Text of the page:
If you read My Baking Addiction on a regular basis, which I certainly hope you do, you may recall that I am not a HUGE chocolate lover. I would classify myself as a “sort-of chocolate liker” meaning I’ll eat a mini frozen Snickers during a certain time of the month or chomp down on a mini Reese Cup swiped from a candy dish—but I rarely crave it!
On the other hand, Brian and my dad are chocolate lovers and drool at the thought or site of anything chocolate. For Easter, my dad had two requests; a Honey Baked Ham and chocolate mousse. My first instinct was to make the mousse that I had prepared back in February, but a twitter pal led me to a Julia Child recipe that had been tweaked by the ever-so amazing David Lebovitz.
David’s recipe seemed straight forward, but involved quite a few steps, so I decided to construct this dessert early Easter morning to allow an ample chilling time. This classic French recipe does contain raw eggs, so if that is something that concerns you, this may not be the mousse for you. David recommends using high quality chocolate, so I picked up a 9.7 ounce bar of Scharffen Berger. Although this chocolate is definitely pricey in comparison to your typical grocery store chocolate, the results are well worth the extra cost.
The result? This is one of the most decadent, rich desserts that I have ever made or tasted. The coffee added a great depth of flavor and the consistency was truly lovel. More importantly, the choco-holics enjoyed every last spoonful. I served this topped with fresh whipped cream and strawberries. I hope you enjoy this recipe as much as we did!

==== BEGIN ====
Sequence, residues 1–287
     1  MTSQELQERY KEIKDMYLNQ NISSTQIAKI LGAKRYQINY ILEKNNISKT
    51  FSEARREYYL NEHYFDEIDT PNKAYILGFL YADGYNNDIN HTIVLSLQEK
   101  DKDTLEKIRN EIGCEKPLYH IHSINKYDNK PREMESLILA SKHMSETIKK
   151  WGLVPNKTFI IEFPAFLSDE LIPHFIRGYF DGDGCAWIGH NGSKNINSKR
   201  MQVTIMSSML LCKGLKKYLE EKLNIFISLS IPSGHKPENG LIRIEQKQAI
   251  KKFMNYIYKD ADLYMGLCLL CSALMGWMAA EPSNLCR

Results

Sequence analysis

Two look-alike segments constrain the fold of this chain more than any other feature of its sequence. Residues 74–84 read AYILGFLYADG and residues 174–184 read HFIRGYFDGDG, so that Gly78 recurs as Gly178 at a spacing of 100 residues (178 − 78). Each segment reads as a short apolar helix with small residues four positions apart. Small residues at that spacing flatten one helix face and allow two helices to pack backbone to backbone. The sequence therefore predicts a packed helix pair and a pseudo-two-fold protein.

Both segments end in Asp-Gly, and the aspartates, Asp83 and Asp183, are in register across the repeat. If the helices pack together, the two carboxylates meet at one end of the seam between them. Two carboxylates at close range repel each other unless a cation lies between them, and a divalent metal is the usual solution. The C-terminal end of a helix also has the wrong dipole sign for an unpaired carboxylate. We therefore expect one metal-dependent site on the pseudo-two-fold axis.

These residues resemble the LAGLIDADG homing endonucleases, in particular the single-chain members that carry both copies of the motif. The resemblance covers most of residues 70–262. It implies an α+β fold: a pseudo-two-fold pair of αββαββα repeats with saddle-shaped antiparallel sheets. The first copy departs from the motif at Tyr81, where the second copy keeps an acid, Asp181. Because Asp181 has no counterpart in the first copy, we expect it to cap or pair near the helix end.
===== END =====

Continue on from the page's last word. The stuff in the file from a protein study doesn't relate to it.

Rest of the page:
Perfect Chocolate Mousse
6 ounces (170g) bittersweet or semisweet chocolate, chopped
6 ounces (170g) unsalted butter, cut into small pieces
1/4 cup (60ml) dark-brewed coffee
4 large eggs, separated
2/3 cup (170g), plus 1 tablespoon sugar
2 tablespoons (30ml) dark rum (I left this out)
1 tablespoon (15ml) water
pinch of salt
1/2 teaspoon vanilla extract
1. Heat a saucepan one-third full with hot water, and in a bowl set on top, melt together the chocolate, butter and coffee, stirring over the barely simmering water, until smooth. Remove from heat.
2. Fill a large bowl with ice water and set aside.
3. In a bowl large enough to nest securely on the saucepan of simmering water, whisk the yolks of the eggs with the 2/3 cup of sugar, rum, and water for about 3 minutes until the mixture is thick, like runny mayonnaise. (You can also use a handheld electric mixer.)
4. Remove from heat and place the bowl of whipped egg yolks within the bowl of ice water and beat until cool and thick, as shown in the photo above. Then fold the chocolate mixture into the egg yolks.
5. In a separate bowl, beat the egg whites with the salt until frothy. Continue to beat until they start to hold their shape. Whip in the tablespoon of sugar and continue to beat until thick and shiny, but not completely stiff, then the vanilla.
6. Fold one-third of the beaten egg whites into the chocolate mixture, then fold in the remainder of the whites just until incorporated, but don't overdo it or the mousse will lose volume.
7. Transfer the mousse to a serving bowl or divide into serving dishes, and refrigerate for at least 4 hours, until firm.
- May be refrigerated for up to 4 days.
Adapted from Mastering the Art of French Cooking by Julia Child via David LebovitzAll images and text ©
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Sunday 9th of May 2010
sounds tasty AND easy!
and chocolate lover,
check my mars coffee recipe, you'll LOVE it!
Thursday 22nd of April 2010
I love chocolate mousse and will try this recipe this weekend! Thanks
Sunday 18th of April 2010
I'm not fond of chocolate at all but I did make a nutella marshamallow mousse that made me want to lick the bowl. In all honesty it was really the texture of it that I feel in love with. Mousse rocks. Now I'm on a mission to try other flavors. I haven't really found a true vanilla one yet. ~ingrid
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Saturday 17th of April 2010
A cute dessert. It looks like a lot of work to make it though.
Saturday 17th of April 2010
What rich and indulgent treat - I love chocolate mousse but have always been too intimated to make it at home. You've inspired me to try!